This wild boar had lost its fear of people and was foraging about the catering area

The main daytime activities are hiking to the many cliff viewpoints along the Southern edge of the plateau but bicycles can be hired too and indeed offer the only really practical way of getting to the Lom Sak cliff, 9 kms away, for its famous view of the sunset and back to the campground in the dark. Lights for the bicycles are provided and the sunset trips are usually a group activity. I was talking to someone selling refreshments at the Pha Yeap Meak cliff viewpoint who told me that a small herd of wild elephants can often be seen from this cliff in the forest below, now that would be quite a sight to behold!

Myself looking out over Pha Mak Dook cliff in the early evening

There are also a few waterfalls off of some of the trails but obviously, the amount of water flow varies according to the recent weather conditions. Another popular activity is a 2-kilometer hike that starts from the Visitor Center every day at 5 am (no extra charge) to the Pha Nok Aen viewpoint to watch the sunrise, those that don’t mind the early start are often rewarded with a view of the “Sea of Clouds” (cloud inversion). Phu Kradueng has its own, unique micro-climate up on the plateau, and parts of some of the trails away from the cliffs reminded me of something you might see in woodland in the U.K. It can get very cold up there and visitors should be prepared for this, it got down to a chilly 7C at night on my recent visit and it often gets even colder than that. Once the sun cuts through the early morning mists though the climate is wonderful for both hiking or cycling and indeed this cool climate is part of the reason the Thais enjoy spending time there.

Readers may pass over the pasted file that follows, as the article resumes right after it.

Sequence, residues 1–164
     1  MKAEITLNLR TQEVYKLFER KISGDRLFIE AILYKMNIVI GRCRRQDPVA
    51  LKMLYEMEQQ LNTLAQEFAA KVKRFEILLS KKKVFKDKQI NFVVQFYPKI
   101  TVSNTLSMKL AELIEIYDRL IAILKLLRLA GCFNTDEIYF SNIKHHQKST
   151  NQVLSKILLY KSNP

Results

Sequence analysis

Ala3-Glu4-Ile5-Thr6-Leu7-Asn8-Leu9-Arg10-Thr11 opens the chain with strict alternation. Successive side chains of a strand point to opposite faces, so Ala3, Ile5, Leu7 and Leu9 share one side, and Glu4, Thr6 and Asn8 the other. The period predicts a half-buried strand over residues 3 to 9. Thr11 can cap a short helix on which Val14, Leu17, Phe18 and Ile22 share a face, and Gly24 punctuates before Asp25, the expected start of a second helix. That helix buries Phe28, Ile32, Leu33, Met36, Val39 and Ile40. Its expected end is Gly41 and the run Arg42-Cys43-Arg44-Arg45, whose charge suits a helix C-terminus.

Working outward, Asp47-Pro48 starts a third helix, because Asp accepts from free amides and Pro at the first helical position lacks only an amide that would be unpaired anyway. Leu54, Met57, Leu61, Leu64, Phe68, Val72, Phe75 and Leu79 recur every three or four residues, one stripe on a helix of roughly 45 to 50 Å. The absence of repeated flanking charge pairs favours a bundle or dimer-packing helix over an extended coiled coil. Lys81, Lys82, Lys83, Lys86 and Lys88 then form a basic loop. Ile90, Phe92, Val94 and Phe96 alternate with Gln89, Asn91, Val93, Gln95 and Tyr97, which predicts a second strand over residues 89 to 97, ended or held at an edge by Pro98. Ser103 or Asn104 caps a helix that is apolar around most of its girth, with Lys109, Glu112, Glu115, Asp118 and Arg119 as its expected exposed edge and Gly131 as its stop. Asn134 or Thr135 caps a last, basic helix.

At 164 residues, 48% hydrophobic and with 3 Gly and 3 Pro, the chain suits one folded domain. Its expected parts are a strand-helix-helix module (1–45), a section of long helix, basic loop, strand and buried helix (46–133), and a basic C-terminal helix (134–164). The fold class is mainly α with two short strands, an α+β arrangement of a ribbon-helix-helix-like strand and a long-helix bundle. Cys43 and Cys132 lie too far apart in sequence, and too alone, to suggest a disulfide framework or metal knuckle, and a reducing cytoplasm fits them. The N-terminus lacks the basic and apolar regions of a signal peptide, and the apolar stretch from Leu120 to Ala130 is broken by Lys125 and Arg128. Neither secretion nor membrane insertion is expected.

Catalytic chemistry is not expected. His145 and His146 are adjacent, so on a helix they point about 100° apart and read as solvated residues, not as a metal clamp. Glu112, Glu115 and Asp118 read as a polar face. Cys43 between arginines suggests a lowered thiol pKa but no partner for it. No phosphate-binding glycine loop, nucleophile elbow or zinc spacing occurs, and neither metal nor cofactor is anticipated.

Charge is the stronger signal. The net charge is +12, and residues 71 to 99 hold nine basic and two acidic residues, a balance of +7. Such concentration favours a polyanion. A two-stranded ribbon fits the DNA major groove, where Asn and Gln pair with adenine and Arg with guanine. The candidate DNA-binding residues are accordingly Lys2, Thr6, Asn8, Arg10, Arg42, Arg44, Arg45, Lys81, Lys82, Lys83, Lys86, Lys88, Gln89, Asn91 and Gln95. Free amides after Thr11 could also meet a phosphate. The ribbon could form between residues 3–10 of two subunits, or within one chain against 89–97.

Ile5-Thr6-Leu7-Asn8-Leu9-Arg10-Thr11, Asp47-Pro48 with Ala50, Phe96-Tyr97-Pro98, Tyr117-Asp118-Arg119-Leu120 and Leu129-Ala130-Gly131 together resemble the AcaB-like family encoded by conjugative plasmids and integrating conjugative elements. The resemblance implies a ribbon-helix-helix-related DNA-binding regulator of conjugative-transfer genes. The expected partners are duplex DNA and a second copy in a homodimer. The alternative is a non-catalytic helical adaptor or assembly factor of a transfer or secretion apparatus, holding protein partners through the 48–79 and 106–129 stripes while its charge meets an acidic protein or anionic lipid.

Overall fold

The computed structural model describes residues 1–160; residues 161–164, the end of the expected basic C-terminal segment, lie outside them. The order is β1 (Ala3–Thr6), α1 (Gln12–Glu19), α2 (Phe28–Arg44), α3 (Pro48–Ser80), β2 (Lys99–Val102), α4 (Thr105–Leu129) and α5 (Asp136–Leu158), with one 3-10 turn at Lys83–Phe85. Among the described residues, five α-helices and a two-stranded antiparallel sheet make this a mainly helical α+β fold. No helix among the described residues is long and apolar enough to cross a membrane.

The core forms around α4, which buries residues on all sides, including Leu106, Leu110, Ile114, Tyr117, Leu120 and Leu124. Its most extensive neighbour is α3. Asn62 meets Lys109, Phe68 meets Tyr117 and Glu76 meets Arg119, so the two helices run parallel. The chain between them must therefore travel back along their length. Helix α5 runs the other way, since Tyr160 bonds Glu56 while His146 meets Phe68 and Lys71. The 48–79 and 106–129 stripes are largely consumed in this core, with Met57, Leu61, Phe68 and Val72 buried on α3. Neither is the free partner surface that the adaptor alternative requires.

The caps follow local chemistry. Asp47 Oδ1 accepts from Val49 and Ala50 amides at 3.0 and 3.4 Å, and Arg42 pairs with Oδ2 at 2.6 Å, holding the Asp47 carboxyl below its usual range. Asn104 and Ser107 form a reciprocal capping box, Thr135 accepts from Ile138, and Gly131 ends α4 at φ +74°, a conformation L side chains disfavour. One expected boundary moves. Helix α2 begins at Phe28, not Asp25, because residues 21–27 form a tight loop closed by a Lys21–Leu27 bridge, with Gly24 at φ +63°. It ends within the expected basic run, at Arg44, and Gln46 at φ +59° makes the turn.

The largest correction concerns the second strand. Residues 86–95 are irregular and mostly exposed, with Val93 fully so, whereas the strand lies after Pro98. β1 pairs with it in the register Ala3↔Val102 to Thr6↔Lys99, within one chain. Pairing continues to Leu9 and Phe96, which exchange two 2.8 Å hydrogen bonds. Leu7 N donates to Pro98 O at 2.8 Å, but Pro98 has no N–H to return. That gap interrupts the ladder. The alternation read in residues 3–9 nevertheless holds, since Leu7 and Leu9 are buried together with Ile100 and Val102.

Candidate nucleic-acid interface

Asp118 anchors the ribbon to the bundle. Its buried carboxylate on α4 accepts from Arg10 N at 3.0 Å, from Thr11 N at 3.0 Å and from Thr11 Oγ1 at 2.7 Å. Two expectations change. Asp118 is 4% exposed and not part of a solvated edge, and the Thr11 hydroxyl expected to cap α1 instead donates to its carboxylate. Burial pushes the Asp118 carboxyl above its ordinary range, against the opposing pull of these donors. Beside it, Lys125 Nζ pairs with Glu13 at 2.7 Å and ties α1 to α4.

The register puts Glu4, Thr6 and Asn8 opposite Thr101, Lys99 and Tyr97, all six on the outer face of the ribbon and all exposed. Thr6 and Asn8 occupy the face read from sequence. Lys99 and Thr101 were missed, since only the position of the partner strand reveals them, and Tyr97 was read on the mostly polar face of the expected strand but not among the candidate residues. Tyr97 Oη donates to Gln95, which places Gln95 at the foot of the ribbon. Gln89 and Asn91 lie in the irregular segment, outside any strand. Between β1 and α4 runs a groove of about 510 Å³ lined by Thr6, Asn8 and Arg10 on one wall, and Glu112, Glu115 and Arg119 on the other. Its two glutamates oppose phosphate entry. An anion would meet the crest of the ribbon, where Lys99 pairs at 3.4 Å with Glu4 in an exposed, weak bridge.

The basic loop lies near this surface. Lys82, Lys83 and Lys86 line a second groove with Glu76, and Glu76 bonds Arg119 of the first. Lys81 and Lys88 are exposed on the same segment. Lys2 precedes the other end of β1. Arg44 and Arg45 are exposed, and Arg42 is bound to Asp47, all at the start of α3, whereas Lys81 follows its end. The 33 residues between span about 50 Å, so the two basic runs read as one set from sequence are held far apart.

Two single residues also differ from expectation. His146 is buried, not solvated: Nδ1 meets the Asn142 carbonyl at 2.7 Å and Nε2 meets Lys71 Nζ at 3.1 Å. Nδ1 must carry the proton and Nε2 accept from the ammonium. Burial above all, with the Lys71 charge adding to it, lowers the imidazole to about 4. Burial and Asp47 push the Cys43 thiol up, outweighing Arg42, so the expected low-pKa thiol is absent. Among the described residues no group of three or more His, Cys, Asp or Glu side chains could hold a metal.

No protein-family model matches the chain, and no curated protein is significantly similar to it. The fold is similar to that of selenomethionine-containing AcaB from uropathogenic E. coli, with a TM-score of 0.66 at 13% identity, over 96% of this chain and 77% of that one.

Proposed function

Picturesque Anodard Pond, about 2 kms from the campsite